How it is discussed and supported in this study, “Trionyx” messelianus is not phylogenetically related or morphologically similar with Trionyx genus, but instead it is found closer and more similar to the extant genus Amyda, reason why I define a new genus name (Palaeoamyda) for this taxon, keeping its original valid species name (messelianus). However, taking into account that the gender of the new genus name is feminine, the epithet for the species should be also feminine and that is why should be “messeliana” instead of “messelianus,” resulting in the new combination Palaeoamyda messeliana.
SMF ME 1211
Nearly complete articulated skeleton (56 cm maximum length and 42 cm maximum width as preserved), including the articulated skull and lower jaw, carapace, plastron, the four limbs and the tail (Fig. 2), just missing some claws of the right fore and hindlimbs. The specimen is on display at the Messel Pit exhibit, Senckenberg Museum of Natural History in Frankfurt. The most anteroventral region of the skull is not fully prepared and is still covered by rock matrix. Cervicals 1 to 4 are preserved and prepared, the rest of the cervicals are probably still inside the rock matrix. To avoid damaging the specimen by removing its stable exhibit frame, photos of the ventral surface of the skeleton were taken at an angle (see Figs. S1–S4); however, they suffice to analyze the morphology of some elements including the plastron, pectoral girdle and the ventral surface of the carapace.
Skull and lower jaw
The skull is volumetrically well preserved without evidence of crushing, and is missing only the most anterior portion of prefrontals (Fig. 3). On the ventral surface (Figs. 3A and 3B), the interorbital bar is narrow and formed by the prefrontals and frontals. Each orbital ring is made from a contribution of the prefrontal, frontal, postorbital, jugal, and maxilla. The prefrontals contact each other medially, the maxillae laterally, and the frontals posteriorly. The frontals contact each other medially, the postorbitals laterally, and the parietals posteriorly. The postorbitals form a very narrow bar between the orbits and the temporal fenestra and have a lateral contact with jugal. The parietals and frontals exhibit a sculpturing pattern similar to striations. The parietal table (most dorsal surface) is narrow due to the very advanced temporal emargination. The parietals contact the frontals anteriorly, the postorbitals anterolaterally, the prootics posterolaterally, and the supraoccipital posteriorly. The prootic and all other bones that contribute to the otic chamber are well exposed dorsally due to the very advanced temporal emargination, which has also a contribution from the jugal. The foramen stapediotemporale is restricted to the prootic, located very close to the sutural contact between this bone and the quadrate. The supraoccipital forms a very narrow ridge at the roof top of the skull, contacting the parietals anteriorly and the prootics and exoccipitals laterally and posteriorly and forming a long crista supraoccipitalis that ends in a rounded edge far beyond the level of squamosals. Small portions of the quadrates are exposed dorsally as part of the otic chamber. The squamosals form a very long and narrow posterior process; anteriorly they contact the quadratojugals, and medially the prootic and opisthotic. The most lateral portions of both corpora hyoidis are visible at the temporal fenestra, forming a convex margin. The cornu branchiale (CB I) of the hyoid apparatus is a narrow and very long bone. Only the posterior-most region of the ventral surface of the skull (basicranium) is prepared. It preserves most of the medial and posterior portions of corpus hyoidis, as well as dislocated pieces of corpus branchiale II (Fig. S2).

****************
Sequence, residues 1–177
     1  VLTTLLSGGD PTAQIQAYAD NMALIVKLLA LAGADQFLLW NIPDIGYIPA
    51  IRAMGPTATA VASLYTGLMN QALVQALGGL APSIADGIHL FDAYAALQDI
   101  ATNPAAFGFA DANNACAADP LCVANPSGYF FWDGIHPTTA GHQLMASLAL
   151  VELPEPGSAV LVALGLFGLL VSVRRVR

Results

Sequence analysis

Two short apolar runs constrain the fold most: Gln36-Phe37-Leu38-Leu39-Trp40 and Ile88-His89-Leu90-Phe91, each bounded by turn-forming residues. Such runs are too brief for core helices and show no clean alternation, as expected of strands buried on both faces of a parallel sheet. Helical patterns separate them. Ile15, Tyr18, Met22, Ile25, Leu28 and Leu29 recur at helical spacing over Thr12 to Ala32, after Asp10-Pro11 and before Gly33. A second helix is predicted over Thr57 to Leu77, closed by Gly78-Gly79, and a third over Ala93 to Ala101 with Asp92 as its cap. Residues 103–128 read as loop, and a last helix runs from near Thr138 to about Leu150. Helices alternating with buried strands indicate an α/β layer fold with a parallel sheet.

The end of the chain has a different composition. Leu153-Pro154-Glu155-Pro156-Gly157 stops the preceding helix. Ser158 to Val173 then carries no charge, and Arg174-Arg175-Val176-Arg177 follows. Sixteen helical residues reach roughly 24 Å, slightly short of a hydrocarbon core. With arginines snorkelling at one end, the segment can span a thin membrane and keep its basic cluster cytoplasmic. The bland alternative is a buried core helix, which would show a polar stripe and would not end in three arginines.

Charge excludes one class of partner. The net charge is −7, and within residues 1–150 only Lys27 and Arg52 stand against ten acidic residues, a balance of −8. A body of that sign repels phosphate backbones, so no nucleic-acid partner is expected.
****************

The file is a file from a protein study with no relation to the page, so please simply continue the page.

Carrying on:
The left lateral view of the skull (Figs. 3C and 3D) shows that the temporal emargination was very shallow. The maxilla contacts the prefrontal dorsally and the jugal posteriorly. The quadratojugal is a narrow bar in anterior contact with the jugal and posterior contact with the quadrate and the squamosal. The cavum tympani is formed by the quadrate and covered dorsally by the squamosal, having a very narrow and deep incisura collumela auris. The antrum postoticum is extremely reduced. Also seen in lateral view, the lower jaw (left ramus) is well preserved, formed principally by the dentary, which exhibits a large foramen dentofaciale majus. It is in posterior contact with the surangular and coronoid. The surangular exhibits a small and circular foramen intermandibularis caudalis.
The carapace is complete (Figs. 2A and 2B), being almost circular in outline with its posterior edge straight. The sculpturing pattern consists of pits and ridges, the pits coalescing into grooves at the lateral regions of the carapace. The nuchal is slightly more than three times as wide as long, having a shallow notch medially. Neural series is composed of seven elements. Neurals 1–4 are hexagonal in shape and wider posteriorly (at the level of the intercostal junction). Neural 5 is almost rectangular. Neural 6 is hexagonal but in contrast to neurals 1–4, wider anteriorly. Neural 7 is small and almost pentagonal in shape. Eight pairs of costals are well preserved. Costals 1–6 are completely separated medially by the neurals, while costals 7 and 8 have a median contact, equal to half of the length for costals 7 and the full length for costals 8. Laterally, at the margin of costals, the most lateral tips of costal ribs are usually exposed, but they are short and terminate in a rounded margin. Peripherals are completely absent as well as the preneural and any evidence of scales.